The AAV7 will remain and continue as the Marine Corps’ forcible entry from the sea capability until the Expeditionary Fighting Vehicle (EFV) is fielded. Even with initial fielding of the EFV, the AAV is expected to remain in service until 2025.




Upon arrival the box was impressive, and peeling the lid off proved for even more impressiveness. The amount of detail contained in and on the parts will no doubt make for significant construction time. As I studied the parts I noticed several inaccuracies I will have to remedy once the AAV rolls onto my hobby desk. The photo-etch intake and exhaust grills provided with the kit do not replicate the real woven and welded grills very well. The grills can be replaced with Eduard’s AAVP-7A1 exterior detail (Item# 36079). During this time frame, there was a transition from the diamond pad track blocks to the “big-foot” blocks, AFV Club produces excellent after-market track sets for the AAV (item# 35133).


Specific surface detail narrow the service time of the AAV this kit represents to between 1995 and 2003. The upper hull has SINCGARS modification (pictured) but lacks the two additional bolt-on antenna mounts. Fortunately Hobby Boss accurately captured the usage of EAAK external storage racks (commonly referred to as gypsy racks) even when EAAK is not installed. When the AAV is on the ramp, and occasionally on exercises, the weapons are not mounted meaning there will be some hacking and carving to remove the molded in portions of the Mk19 and M2HB. Also, rarely are the headlights mounted, they are expensive and tactically compromising. The headlights were typically strapped atop the battery box (parts L12/L13), bolted against hull above the battery box or bolted to overhead directly behind aft engine compartment bulkhead.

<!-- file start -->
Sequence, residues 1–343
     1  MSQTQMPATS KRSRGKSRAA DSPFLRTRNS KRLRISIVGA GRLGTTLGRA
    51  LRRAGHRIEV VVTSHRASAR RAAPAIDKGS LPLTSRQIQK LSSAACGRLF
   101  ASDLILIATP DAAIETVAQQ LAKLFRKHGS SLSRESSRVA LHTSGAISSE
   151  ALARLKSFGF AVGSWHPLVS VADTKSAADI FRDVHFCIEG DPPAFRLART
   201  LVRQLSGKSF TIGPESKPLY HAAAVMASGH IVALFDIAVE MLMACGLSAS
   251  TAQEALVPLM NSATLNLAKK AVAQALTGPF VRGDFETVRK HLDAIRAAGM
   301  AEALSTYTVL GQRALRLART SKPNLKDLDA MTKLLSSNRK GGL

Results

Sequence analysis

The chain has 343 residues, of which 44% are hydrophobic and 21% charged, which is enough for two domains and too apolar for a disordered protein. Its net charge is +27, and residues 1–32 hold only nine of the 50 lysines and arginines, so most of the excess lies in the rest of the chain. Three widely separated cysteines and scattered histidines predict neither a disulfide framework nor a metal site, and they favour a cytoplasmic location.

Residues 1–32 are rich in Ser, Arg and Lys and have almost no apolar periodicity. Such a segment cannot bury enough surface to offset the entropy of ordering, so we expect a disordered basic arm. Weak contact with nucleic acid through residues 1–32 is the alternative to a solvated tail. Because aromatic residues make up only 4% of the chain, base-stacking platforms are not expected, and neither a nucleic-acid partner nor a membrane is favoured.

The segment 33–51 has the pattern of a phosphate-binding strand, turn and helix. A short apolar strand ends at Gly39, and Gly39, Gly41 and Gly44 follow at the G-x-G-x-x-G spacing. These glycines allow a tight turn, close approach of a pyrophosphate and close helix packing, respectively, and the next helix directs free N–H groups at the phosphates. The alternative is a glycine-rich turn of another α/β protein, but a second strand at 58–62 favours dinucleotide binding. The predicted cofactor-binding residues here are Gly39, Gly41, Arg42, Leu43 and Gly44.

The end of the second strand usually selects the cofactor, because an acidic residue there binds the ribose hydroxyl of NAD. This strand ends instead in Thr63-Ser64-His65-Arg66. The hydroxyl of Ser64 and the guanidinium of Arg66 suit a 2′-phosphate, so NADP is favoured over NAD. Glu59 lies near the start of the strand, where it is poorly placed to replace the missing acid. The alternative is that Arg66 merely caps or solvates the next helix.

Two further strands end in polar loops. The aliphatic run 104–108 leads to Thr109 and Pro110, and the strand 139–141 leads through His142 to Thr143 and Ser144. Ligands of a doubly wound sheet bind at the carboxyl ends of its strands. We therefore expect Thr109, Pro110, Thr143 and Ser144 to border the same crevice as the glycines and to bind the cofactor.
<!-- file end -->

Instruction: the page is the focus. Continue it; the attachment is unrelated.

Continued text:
Moving to the interior, aside from exercises or operations with embarked infantry, center bench seats spend the majority of time mounted flush against the fuel cell. When mounted, the forward center bench seat rarely gets erected because it prohibits removal of the aft-lower engine panel. The generator, water pump, associated belts and voltage regulator reside behind this engine panel, along with the hoses and fixtures to conduct an emergency bypass of the cooling system if the contact cooler is damaged, all these components require frequent checks. When mounted though, there should be securing braces / buckles between each of the seat mounts (parts C1). Correctly captured, the area behind the radio cage (part K16) has empty radio mounts but, Hobby Boss did not include any radios. The SINCGARS radios and amplifier belong immediately behind the troop commander’s position (somewhat between parts C5 [rearmost] and N4/N7/N9). The SINCGARS modification also did away with the assistant-driver’s position (seat is part N23). As illustrated, two oil jugs (parts C39 and C40) are incorrectly positioned. The radio remote boxes (part C19) appear to be representative of the older radio system with a large switch instead of the digital toggle switched newer version. The instructions also do not indicate, although illustrated, that a remote box belongs in the troop commander’s station. The two cans closest to the starboard bulkhead should have their tops against or pointed at the wall, otherwise they do not fit against the slopping hull plate. The shackles are typically only mounted when they are needed (parts C8). The deck of the turret (part P1) should be mesh screen, not solid. The searchlight (part P15) is another component rarely used or mounted and would not raise eyebrows if it were missing. Unless operationally engaged or on the range 40mm ammunition chute (part P2) is rarely mounted but, will take some surgery to remove the portion of the part that is actually a piece of the turret. There are many .50cal ammunition cans represented in the kit but, this only occurs operationally (combat). If the full ammunition load was to be represented, Hobby Boss forgot to include the 40mm ammunition cans, which would be the taller 48-count cans which are stored beneath the port and starboard bench seats. The prominent square mold on the interior of the ramp (part E7) should be removed as it does not belong on the P7 variant, it is a vice mount on the R7 variant.